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Category: News

February 11, 2017

In the domestic violence field, “self-care” refers to the intentional practice of taking care of one’s mental, physical, and psychological well-being as it relates to trauma. Practicing self-care is a necessity for individuals who have survived trauma and for those who are experiencing vicarious trauma through their work.

Self-care looks different for everyone. There is no one way to practice it; however, listening to music is one of the most common activities across all ages. [1] With input from the 56 state and territory domestic violence coalitions, the National Network to End Domestic Violence (NNEDV) created an #EmpowermentPlaylist to shine light on the songs that inspire us to create change, and offer strength to those who continue to fight to end domestic violence. With artists such as Gloria Gaynor, Beyoncé, Lady Gaga, Nina Simone, John Legend, and Sara Bareilles, just to name a few, our #EmpowermentPlaylist can be a powerful tool for social change, healing, and creative expression.

Music for Expression

Millions watched as Lady Gaga performed “Til It Happens to You,” surrounded by survivors of sexual assault at the 88th Academy Awards. Likewise, millions watched as Beyoncé performed “Formation” at the 50th Super Bowl just one day after she released the music video, which celebrated Black women and expressed a clear message against police brutality. Artists and musicians can use their talent to reflect current issues and be a voice for social change. The late singer/activist Nina Simone explained it well: “You can’t help it. An artist’s duty, as far as I’m concerned, is to reflect the times.”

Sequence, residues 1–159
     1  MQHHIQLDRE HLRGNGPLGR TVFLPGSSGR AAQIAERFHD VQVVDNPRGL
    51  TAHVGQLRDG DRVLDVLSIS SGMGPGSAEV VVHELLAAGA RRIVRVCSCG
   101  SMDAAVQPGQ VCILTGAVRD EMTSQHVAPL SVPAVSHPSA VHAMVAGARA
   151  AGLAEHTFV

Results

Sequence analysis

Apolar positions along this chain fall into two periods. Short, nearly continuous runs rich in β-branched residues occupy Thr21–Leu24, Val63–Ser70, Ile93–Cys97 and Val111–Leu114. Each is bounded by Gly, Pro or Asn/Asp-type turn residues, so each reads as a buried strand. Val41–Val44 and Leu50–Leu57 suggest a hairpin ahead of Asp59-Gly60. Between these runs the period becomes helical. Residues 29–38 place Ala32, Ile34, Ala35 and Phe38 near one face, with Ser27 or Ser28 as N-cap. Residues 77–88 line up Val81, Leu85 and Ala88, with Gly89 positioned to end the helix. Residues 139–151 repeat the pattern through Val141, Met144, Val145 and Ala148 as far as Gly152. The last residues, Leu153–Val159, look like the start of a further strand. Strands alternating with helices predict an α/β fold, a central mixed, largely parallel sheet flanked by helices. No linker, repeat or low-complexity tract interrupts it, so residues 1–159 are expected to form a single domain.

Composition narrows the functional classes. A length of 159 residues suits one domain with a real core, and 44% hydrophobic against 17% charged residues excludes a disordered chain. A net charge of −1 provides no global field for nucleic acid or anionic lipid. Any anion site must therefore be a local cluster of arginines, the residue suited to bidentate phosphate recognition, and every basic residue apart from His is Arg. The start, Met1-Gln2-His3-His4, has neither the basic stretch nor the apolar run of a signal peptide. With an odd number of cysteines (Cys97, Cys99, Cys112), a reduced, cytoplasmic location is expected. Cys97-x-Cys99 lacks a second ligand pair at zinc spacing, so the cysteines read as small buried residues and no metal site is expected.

Music for Healing

Research has shown that music can have profound effects on our emotions, memory, brain health, and attention. [2] One study states that music can be used to increase self-awareness, social relatedness, and mood regulation by helping the listener convey feelings, temporarily forget about reality, cope with worries, and add more meaning to life. [1] Additionally, music can be used as a connector, providing people with a sense of community to a particular social group. Music can encourage us to feel closer to others, express an identity, and collect information about social environments. [1] Music can be a catalyst for inspiration or mood regulation. Last, music can have physiological and psychological effects, causing listeners to feel relaxed, alert, or even cope with depression. [1, 3]

Music to Empower

NNEDV’s #EmpowermentPlaylist is a compilation of anthems from advocates across the United States. Our growing list is a musical reflection of the people who work every day to achieve safety for all survivors. These are the songs that help us work with survivors to safely address the many intersectional issues they face, from economic justice to housing to technology safety and more. Our hope is that these anthems will encourage everyone to express, heal, and empower themselves. This #EmpowermentPlaylist is for those who feel – or need to feel – brave, flawless, and like a queen or a boss, and to encourage everyone around us to feel the same.

Listen Now

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[1] Schäfer, T., Sedlmeier, P., Städtler, C., & Huron, D. (2013). The psychological functions of music listening. Frontiers in Psychology, 4, 511. http://doi.org/10.3389/fpsyg.2013.00511

[2] Miendlarzewska, E. A., & Trost, W. J. (2013). How musical training affects cognitive development: rhythm, reward and other modulating variables. Frontiers in Neuroscience, 7, 279. http://doi.org/10.3389/fnins.2013.00279

[3] Boer, D., & Abubakar, A. (2014). Music listening in families and peer groups: benefits for young people’s social cohesion and emotional well-being across four cultures. Frontiers in Psychology, 5, 392. http://doi.org/10.3389/fpsyg.2014.00392